The Cost of College
The average cost of a four-year bachelor’s degree in America is $9000 per year and that figure pales into insignificance when compared with the two year private colleges who charge in excess of $35,000 per year. These high costs have one obvious effect which is that the majority of students attending college will come from middle or higher class families. Like anything, if you raise the cost then its exclusivity increases and reduces the likelihood of it being accessible to poorer families. According to a study assessing the various factors that go into choosing a college, the three consistently relevant factors are: the student’s ability, the cost of the college, their parent’s socioeconomic status. The reality is that by making college as expensive as it is, the third factor will often be the most prevalent.
As a result of college costs being so high, there are financial aids in place to help ease the expense of college for students and their parents. A study showed that in Georgia, for every $1000 of financial support spent, it increased the attendance rate from 3.7% to 4.2%. So the effects of expensive college educations are limited slightly but another effect occurs: the cost to the average taxpayer. If the government are helping to fund these educations, then in turn taxes must rise slightly in order to allow for this extra cost. Another study suggests that the rate of returning to college for low-income family students is quite high, when given adequate support which is therefore evidence which supports financial aid, but still fails to analyse the cost to the taxpayer. According to one book, assessing the impact of such student aid programs and the varying college prices can help to “explain the growth in access for White and upper and middle class students” while also the same data can help to explain the decrease in students from low-income families due to “decline in grants.”
However, clearly parents still place a lot of value on a college education for their children because despite recent stunted economic growth, the enrolment numbers continue to grow steadily: “With high unemployment numbers and jobs scarce, college enrolment is the highest it has been in recent years.” This interesting effect is clearly due to the panic concerning the lack of available jobs to people without degrees or skill sets. The same article states that enrolment is up across the country as a result of the poor economy and suggests that workers are hoping that higher education will secure them some form of employment in this current fragile job market. So while the cost of college can deter people from poorer backgrounds from attending, the higher cost of unemployment is helping to attract new students too.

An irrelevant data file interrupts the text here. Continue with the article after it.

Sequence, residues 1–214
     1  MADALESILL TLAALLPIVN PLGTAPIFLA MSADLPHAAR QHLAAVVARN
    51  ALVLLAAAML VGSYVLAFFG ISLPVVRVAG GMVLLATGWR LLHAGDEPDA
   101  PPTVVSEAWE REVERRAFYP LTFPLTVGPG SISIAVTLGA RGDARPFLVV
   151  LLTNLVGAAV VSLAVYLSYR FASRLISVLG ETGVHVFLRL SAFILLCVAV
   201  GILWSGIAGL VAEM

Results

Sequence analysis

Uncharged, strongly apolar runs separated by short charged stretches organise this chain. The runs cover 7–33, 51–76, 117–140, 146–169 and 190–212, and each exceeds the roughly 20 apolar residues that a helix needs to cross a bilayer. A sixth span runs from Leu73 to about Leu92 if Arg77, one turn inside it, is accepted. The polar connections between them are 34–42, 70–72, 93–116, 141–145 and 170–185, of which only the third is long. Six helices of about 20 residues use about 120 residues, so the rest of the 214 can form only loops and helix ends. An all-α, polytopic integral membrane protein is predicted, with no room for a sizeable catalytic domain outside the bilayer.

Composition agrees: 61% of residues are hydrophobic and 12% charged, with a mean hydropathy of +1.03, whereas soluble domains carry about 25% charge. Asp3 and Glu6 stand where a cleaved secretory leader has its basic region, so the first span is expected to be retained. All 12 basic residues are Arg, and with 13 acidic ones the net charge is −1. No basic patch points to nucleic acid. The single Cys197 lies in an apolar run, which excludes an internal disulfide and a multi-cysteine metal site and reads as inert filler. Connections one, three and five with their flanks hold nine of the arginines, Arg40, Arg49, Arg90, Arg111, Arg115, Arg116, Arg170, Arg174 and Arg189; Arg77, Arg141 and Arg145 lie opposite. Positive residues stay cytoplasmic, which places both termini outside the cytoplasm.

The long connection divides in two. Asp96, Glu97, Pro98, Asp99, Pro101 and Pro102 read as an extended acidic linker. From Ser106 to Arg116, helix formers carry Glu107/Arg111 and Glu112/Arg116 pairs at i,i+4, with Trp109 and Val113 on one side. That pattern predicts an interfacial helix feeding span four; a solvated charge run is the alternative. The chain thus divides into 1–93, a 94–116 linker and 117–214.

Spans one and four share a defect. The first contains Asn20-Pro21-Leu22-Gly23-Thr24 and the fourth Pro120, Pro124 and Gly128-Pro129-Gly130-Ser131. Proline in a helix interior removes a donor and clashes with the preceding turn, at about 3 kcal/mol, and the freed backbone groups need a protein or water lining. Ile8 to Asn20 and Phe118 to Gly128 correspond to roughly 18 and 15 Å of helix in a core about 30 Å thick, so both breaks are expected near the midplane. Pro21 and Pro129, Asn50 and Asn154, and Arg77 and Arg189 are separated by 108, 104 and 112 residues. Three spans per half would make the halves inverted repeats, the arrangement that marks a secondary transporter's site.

The economy is something which concerns most people nowadays. The recession has hit the majority of people with force and we are all watching our pennies. However, the cost of college continues to rise and whilst there is financial aid and even scholarships available, the expenditure that a family will endure to put a child through education will always be a factor in terms of the demographic enrolling as well as the overall numbers in attendance. Money will always be the cause of a lot of problems in terms of college attendance and the effects will continue to be the cost to the taxpayer, the decline in low-income family students and the continued attendance of richer family students.
Long, B. B. T. “How Have College Decisions Changed Over Time? An Application of the Conditional Logistic Model.” Journal of Econometrics 121.1-2: 271-296. Ebsco. February 19 2011.
Dynarski, Susan M. “Hope For Whom? Financial Aid For The Middle Class and Its Impact On College Attendance.” NBER Working Paper Series w7756. Lexis Nexis. February 19 2011.
Keane, Michael P. “Financial Aid, Borrowing Constraints, and College Attendance: Evidence From Structural Estimates.” The American Economic Review 92.2: 293-297. Ebsco. February 19 2011.